Differences Between Rheumatoid and Traumatic Arthritis



Arthritis occurs when one or multiple joints are inflamed because of a breakdown in cartilage.  There are multiple types of arthritis, including rheumatoid and traumatic, and treatment will vary depending on the individual case and condition. Conditions may be caused by wear-and-tear, infection, lupus, psoriasis, autoimmune disorder, injury, or uric acid crystals. Suffers may experience pain in their joints, stiffness, lack of functionality, and redness and a burning sensation in the area. Although many of the painful symptoms are similar, there are several differences between rheumatoid and traumatic arthritis.


Rheumatoid Arthritis


With rheumatoid arthritis, immune systems are to blame. Immune systems actually attack the individuals’ joint capsule, causing swelling and inflammation. The joint capsule is a sturdy membrane, but this disease can take its toll, destroying bone and cartilage of the joint. Cartilage is the stress-absorbing padding between bones. When damage occurs, synovial fluid and the padding deteriorate. This causes friction, because the bones end up rubbing against each other.


Rheumatoid arthritis breaks down healthy tissues, organs, and joints. It can occur in individuals who are young or old, and often affects symmetrical joints in feet and hands. For some reason, more women end up with this condition than men.


Traumatic Arthritis


Traumatic arthritis occurs because of some sort of injury or accident that has taken place. Another name for this condition is post-traumatic arthritis. Feet and ankles are the regions of the body most often affected, and it doesn’t always occur right away. In fact, sometimes traumatic arthritis develops many years after the sprain, ligament tear, or broken bone happened.


100 Types of Arthritis


In addition to these two types of arthritis, there are many other types. Some are chronic forms that last a lifetime, while others only last a few weeks. Osteoarthritis, gout, and fifth diseases are just a few of the many illnesses that fall into this family of diseases.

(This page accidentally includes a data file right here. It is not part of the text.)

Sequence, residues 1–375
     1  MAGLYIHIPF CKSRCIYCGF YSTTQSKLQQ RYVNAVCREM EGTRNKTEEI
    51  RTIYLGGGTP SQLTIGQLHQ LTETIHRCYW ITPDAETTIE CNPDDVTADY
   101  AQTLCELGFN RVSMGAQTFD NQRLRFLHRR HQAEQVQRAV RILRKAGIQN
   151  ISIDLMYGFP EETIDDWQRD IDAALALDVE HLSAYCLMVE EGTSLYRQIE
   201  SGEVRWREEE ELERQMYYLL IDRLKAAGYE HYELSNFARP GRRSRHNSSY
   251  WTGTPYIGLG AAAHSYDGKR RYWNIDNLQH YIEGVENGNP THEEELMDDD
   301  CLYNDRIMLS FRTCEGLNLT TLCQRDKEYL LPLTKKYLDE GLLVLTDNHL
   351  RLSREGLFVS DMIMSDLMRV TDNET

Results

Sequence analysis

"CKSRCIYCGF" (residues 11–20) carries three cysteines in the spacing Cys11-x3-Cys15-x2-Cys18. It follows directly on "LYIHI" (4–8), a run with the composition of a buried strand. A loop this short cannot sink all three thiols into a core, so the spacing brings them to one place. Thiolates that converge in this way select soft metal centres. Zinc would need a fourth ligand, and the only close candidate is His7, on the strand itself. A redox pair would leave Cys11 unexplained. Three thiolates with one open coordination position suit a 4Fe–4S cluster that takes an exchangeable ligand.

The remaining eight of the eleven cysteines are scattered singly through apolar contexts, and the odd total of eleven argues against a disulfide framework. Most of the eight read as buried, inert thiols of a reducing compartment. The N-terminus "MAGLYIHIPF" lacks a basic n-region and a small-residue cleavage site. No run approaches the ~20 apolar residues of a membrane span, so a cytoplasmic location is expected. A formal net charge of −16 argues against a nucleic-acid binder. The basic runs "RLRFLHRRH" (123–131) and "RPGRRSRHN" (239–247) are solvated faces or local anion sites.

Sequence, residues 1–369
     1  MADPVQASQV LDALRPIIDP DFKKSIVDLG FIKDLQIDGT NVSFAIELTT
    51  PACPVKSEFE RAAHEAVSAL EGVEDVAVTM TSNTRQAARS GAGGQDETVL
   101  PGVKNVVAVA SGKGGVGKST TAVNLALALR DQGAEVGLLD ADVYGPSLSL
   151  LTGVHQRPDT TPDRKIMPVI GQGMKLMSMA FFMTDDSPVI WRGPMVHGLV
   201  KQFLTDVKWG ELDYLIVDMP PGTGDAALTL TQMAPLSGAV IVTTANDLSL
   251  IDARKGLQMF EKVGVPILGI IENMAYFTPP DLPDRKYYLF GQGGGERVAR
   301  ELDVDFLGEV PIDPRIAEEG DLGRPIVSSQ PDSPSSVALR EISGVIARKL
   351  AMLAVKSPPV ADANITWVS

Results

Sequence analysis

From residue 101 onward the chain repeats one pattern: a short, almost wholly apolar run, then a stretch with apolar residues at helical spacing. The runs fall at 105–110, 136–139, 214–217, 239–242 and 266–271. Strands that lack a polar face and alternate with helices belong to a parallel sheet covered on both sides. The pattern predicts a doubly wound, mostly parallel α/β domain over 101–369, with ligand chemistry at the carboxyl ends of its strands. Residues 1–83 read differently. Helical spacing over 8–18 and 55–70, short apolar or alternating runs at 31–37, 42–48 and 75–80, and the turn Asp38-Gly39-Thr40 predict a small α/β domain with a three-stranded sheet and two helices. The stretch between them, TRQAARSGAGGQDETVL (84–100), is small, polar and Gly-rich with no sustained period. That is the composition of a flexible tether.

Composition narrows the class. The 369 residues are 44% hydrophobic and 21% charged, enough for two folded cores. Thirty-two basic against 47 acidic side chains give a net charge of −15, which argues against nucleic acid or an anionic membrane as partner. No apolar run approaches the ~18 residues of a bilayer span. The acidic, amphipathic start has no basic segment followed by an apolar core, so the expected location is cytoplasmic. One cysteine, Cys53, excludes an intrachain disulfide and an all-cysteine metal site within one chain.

Diagnosis and Treatment


Individuals who suspect they may have a form of arthritis should schedule consultations with their physicians. Healthcare providers can diagnose the type of disease by performing a physical exam, taking a medical history survey, viewing x-rays/CT scans/MRIs. A CT scan generates computerized tomography and MRIs produce magnetic resonance images.


Once a diagnosis has been made, a doctor will be able to create a treatment plan appropriate to the condition. In the meantime, patients can take some steps in self-care.

  • Apply heat to the joint via hot baths, warm compress, or heating pad. Alternate with ice packs.
  • Rest the area until the discomfort subsides.
  • Take over-the-counter anti-inflammatory medications.
  • Lose weight to reduce pressure.


Treatment options prescribed by a physician vary, but may include exercise, physical therapy, weight loss, the wearing of supportive braces and wraps, prescription medications such as corticosteroids and NSAIDs, and/or surgery.


No matter whether arthritis sufferers have rheumatoid, traumatic, or another form of the disease, there is help available. Individuals need to schedule an appointment with their health care provider, educate themselves about their condition, follow doctor’s and physical therapists’ instructions, and make recommended lifestyle changes. Although arthritis can be painful and challenging, there’s no reason to allow the condition to lessen quality of life.